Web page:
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Denmark dethrones France to become Olympic handball champions

The Associated Press

Denmark dethrones France to become Olympic handball champions

Denmark put on an exceptional display to win their first-ever Olympic men's handball gold medal. 

There's a new champion in men's handball after Denmark outclassed 2008 and 2012 champions France 28-26 in the final, claiming the gold medal. 

Denmark's offensive strategy early on involved taking out their keeper during moments of possession. By removing him, Denmark were able to bring seven outfielders into attacking position and own the one man advantage over France. It was a strategy that paid off, as France had issues conceding the overlap while Casper Mortensen and Lasse Svan poached from the left and right wings. 

That strategy doesn't come without its risks, though. The extra player left open the net for Denmark, and France were quick to take advantage of it by scoring off turnovers and good saves by Thierry Omeyer. 

Daniel Narcisse and Nikola Karabatic expertly moved the ball around the perimeter, using their agility and presence to draw the Danish back line out of position. France, versatile in their scoring options, often looked to open the gap in the center.

Nikola Karabatic got injured in a tangle in the final 10 minutes of the second half and was off the court during the rest of the half. His absence provided Denmark with a bit more comfort in attackign movement. 
Hansen continued to be Denmark's on-court general, dictating his team's pace to chomp down on the French defense, and he was picking it apart in the first half. The two-time World Player of the year proved why he's been given that title twice. Even when he was pushed back to the nine meter mark, his power was just too much for Omeyer. He scored seven goals in the first half.
Once he got hot, Hansen's presence drew the attention of the French defense - as it often did the entire competition, leaving Svan all alone from the wing to pick apart the thinned out French defense. 
France continued having issues with Hansen in the beginning stages of the second half as well. The back line just gave the Dane enough space to bury the ball from the top of that perimeter.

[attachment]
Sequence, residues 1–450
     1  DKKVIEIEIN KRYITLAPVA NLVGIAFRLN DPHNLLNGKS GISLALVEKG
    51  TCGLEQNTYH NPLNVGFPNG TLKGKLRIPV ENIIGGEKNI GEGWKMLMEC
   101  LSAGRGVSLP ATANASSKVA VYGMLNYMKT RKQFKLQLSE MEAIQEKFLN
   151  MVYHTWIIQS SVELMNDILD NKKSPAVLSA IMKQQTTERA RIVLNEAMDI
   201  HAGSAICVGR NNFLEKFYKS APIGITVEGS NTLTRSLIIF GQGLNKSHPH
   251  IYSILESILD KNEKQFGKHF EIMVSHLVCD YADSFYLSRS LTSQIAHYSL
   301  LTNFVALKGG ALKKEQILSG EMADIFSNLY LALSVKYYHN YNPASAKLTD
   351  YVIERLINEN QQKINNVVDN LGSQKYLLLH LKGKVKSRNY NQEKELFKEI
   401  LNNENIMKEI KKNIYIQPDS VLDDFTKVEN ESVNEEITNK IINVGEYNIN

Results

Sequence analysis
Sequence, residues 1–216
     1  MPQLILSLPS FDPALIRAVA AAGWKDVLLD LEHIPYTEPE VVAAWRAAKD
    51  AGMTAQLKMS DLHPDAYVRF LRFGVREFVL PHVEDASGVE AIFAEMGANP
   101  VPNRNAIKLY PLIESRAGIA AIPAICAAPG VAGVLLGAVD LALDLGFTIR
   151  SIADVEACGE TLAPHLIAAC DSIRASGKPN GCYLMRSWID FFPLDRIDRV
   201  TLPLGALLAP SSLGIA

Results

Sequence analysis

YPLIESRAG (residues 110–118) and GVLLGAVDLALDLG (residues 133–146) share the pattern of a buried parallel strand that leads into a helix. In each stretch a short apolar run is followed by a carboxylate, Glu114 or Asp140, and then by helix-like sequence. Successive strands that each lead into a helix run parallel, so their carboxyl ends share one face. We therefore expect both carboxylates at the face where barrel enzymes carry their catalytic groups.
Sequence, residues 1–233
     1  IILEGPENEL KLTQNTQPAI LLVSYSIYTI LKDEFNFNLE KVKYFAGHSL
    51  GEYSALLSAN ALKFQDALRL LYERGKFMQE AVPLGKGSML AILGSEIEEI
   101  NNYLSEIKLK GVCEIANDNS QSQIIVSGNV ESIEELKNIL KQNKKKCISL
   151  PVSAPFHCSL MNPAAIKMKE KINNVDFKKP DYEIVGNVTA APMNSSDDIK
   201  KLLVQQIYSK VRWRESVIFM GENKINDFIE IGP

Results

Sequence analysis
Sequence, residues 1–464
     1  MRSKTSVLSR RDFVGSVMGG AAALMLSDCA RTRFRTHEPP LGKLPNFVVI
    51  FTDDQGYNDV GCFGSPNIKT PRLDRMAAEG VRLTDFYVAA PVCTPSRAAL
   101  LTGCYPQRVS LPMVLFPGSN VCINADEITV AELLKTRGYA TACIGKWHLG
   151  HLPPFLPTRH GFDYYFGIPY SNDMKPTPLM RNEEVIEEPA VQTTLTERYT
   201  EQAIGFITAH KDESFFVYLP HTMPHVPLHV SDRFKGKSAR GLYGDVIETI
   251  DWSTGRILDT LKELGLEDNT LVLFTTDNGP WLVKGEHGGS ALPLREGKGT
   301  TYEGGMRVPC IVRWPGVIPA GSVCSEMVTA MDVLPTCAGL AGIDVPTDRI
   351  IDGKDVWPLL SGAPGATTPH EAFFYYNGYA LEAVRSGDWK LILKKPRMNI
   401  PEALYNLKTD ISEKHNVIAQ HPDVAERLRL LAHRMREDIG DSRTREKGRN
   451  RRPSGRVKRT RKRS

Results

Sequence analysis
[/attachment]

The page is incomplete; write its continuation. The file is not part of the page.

But Karabatic's return was a relieving sight to see. He led the way to keep France fired up and did equally impressive work in the center, forcing his way into the six meter line twice.
Denmark still held a narrow two goal advantage in the final 15 minutes of play, still moving the ball around incredibly well and finding space against the French back line. The Danish back line was equally impressive, pushing forward against France and forcing the turnover to get up to a four goal lead. 
It looked like they would finally begin to pull away from France with Daniel Narcisse serving a two minute suspension. Denmark took full advantage of it, working the ball seamlessly around the court in Narcisse's absence. 
But if Denmark wanted to be Olympic champions, they'd have to remain composed when tension mounted in the final 10 minutes of play. They faced that test as France brought the lead back to three and owned a one man advantage during Svan's two minute suspension. 
France have some of the toughest players in the center of the court, and Narcisse as pivot is an incredibly difficult opponent to mark. The Frenchman used his athleticism and experience (he was a part of France's 2008 and 2012 gold medal teams) to bring his team within two goals. In the final five minutes of play, France held the momentum to try and stun the optimistic Danes. 
Karabtic continued to keep his team afloat, bringing them back within one in the final three minutes. 
But - in the final minute - Karabatic was called for taking too many steps leading up to a shot (only three steps allowed before dribbling or passing) and Denmark quickly got the three goal lead to shut the door on France and claim the country's first men's gold medal. 

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